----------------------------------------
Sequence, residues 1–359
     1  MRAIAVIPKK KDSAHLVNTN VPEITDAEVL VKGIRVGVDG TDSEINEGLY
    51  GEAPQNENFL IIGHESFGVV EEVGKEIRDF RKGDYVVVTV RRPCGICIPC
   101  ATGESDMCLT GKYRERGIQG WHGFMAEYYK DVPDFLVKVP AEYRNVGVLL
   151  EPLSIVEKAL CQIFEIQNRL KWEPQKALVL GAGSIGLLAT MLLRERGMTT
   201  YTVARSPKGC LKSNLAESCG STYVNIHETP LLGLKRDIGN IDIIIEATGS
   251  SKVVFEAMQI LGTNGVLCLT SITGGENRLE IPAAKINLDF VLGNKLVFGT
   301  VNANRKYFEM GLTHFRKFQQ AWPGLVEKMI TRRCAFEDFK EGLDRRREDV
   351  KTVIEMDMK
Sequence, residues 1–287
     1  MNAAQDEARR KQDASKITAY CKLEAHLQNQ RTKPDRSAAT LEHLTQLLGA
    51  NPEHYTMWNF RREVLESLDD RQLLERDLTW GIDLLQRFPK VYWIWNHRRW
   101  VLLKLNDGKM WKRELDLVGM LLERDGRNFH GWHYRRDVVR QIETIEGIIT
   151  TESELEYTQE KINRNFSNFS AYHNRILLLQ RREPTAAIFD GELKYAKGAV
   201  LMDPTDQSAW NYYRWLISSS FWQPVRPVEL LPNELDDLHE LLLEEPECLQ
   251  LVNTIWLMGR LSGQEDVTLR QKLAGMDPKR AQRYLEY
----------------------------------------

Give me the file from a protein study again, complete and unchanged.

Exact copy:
Sequence, residues 1–359
     1  MRAIAVIPKK KDSAHLVNTN VPEITDAEVL VKGIRVGVDG TDSEINEGLY
    51  GEAPQNENFL IIGHESFGVV EEVGKEIRDF RKGDYVVVTV RRPCGICIPC
   101  ATGESDMCLT GKYRERGIQG WHGFMAEYYK DVPDFLVKVP AEYRNVGVLL
   151  EPLSIVEKAL CQIFEIQNRL KWEPQKALVL GAGSIGLLAT MLLRERGMTT
   201  YTVARSPKGC LKSNLAESCG STYVNIHETP LLGLKRDIGN IDIIIEATGS
   251  SKVVFEAMQI LGTNGVLCLT SITGGENRLE IPAAKINLDF VLGNKLVFGT
   301  VNANRKYFEM GLTHFRKFQQ AWPGLVEKMI TRRCAFEDFK EGLDRRREDV
   351  KTVIEMDMK
Sequence, residues 1–287
     1  MNAAQDEARR KQDASKITAY CKLEAHLQNQ RTKPDRSAAT LEHLTQLLGA
    51  NPEHYTMWNF RREVLESLDD RQLLERDLTW GIDLLQRFPK VYWIWNHRRW
   101  VLLKLNDGKM WKRELDLVGM LLERDGRNFH GWHYRRDVVR QIETIEGIIT
   151  TESELEYTQE KINRNFSNFS AYHNRILLLQ RREPTAAIFD GELKYAKGAV
   201  LMDPTDQSAW NYYRWLISSS FWQPVRPVEL LPNELDDLHE LLLEEPECLQ
   251  LVNTIWLMGR LSGQEDVTLR QKLAGMDPKR AQRYLEY